Monday, December 21, 2009

Calling American Students Lazy is Hurtful

In the meantime, I have heard from Dr. Dennis Hanno, the undergraduate dean at Babson. Dr. Hanno was a former colleague of mine at the Isenberg School of Management, and also a former neighbor in Amherst. He is an amazing individual, educator, and administrator. I urge you to read the commentary on his blog regarding the recent OpEd piece in the Boston Globe that I wrote about below. I am adding this link today (December 24, 2009) due to the uproar created by the OpEd piece. Please read Dean Hanno's commentary here.

In today's Boston Globe there is an OpEd piece written by Kara Miller, who teaches at Babson College. The article is entitled, "My lazy American students," and the author writes how she prefers having students from other countries in her classes since she feels that they have a much better work ethic, despite their, perhaps, poorer English.

I found this OpEd piece painful to read and insulting to all the hard-working students, American or international ones. This past semester was not easy with the H1N1 pandemic, with many families losing jobs and income because of the recession, among other additional stressors on both students and faculty alike.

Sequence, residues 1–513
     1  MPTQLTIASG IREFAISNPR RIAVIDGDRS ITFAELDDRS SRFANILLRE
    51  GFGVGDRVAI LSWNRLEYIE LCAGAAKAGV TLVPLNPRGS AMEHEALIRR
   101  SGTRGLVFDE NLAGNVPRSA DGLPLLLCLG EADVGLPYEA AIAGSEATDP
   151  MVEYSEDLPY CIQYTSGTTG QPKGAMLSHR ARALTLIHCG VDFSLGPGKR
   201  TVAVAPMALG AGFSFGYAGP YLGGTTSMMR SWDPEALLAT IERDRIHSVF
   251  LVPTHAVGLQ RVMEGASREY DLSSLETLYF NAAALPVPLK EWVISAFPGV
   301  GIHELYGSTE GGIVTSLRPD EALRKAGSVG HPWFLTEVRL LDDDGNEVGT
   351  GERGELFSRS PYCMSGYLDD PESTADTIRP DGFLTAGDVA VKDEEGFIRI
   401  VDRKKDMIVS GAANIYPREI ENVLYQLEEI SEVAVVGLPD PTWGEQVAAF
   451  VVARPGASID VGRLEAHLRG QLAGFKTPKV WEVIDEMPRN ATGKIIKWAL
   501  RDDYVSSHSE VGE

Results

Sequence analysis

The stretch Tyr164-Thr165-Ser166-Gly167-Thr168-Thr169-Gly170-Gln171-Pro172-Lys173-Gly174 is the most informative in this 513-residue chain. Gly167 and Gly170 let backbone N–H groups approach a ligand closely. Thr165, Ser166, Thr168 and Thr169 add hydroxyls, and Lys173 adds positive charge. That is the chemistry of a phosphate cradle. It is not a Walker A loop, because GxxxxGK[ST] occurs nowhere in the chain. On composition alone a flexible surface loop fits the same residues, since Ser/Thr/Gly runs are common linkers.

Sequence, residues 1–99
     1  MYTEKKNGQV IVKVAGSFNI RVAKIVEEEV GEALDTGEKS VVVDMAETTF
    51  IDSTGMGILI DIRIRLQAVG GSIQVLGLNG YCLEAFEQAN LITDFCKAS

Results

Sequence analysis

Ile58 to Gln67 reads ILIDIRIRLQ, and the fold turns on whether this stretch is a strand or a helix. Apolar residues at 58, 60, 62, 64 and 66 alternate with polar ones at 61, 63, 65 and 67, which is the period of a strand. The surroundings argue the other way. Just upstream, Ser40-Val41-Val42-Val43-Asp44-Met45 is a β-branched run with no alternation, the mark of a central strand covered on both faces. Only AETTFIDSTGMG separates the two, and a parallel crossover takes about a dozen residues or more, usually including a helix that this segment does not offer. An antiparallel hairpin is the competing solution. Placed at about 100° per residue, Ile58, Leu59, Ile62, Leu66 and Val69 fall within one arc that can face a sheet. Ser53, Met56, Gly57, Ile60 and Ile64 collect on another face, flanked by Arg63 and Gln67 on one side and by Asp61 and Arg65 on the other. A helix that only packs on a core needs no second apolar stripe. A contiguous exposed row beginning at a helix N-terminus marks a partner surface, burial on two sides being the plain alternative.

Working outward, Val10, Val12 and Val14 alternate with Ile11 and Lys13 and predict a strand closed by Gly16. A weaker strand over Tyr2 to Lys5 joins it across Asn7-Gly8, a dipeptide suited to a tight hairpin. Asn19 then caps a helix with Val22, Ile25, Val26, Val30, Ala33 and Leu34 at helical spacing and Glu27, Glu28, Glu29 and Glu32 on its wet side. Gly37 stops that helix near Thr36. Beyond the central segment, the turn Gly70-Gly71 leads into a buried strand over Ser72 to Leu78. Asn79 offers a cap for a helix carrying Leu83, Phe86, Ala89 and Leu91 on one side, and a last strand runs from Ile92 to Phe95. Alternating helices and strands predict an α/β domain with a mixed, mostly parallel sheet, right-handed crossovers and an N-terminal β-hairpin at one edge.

I would like to counter the arguments in that article and say, in contrast, my students at the Isenberg School of Management at UMass Amherst were terrific this past semester. They showed up to do their presentations despite a big snowstorm. They showed up at their final exam besides it being dark and cold outside (and the heat was up to 80 degrees for some reason in the exam classroom). ALL of my students handed in their presentations on time and the students in my undergraduate class at the Isenberg School of Management were some of the best and the most hard-working ones I have ever had the privilege to teach.

American students are terrific as are the international ones! Interestingly, in my undergraduate class this term I had only one international student (from Hong Kong) whereas in my graduate class I had only one American student with all others being international ones.

As I have heard it said before "Apples don't fall far from the tree." Faculty serve as role models and are as much at fault if the students don't do well as the students are themselves. Honestly, if you can't say something nice perhaps it's best to let it be left unsaid.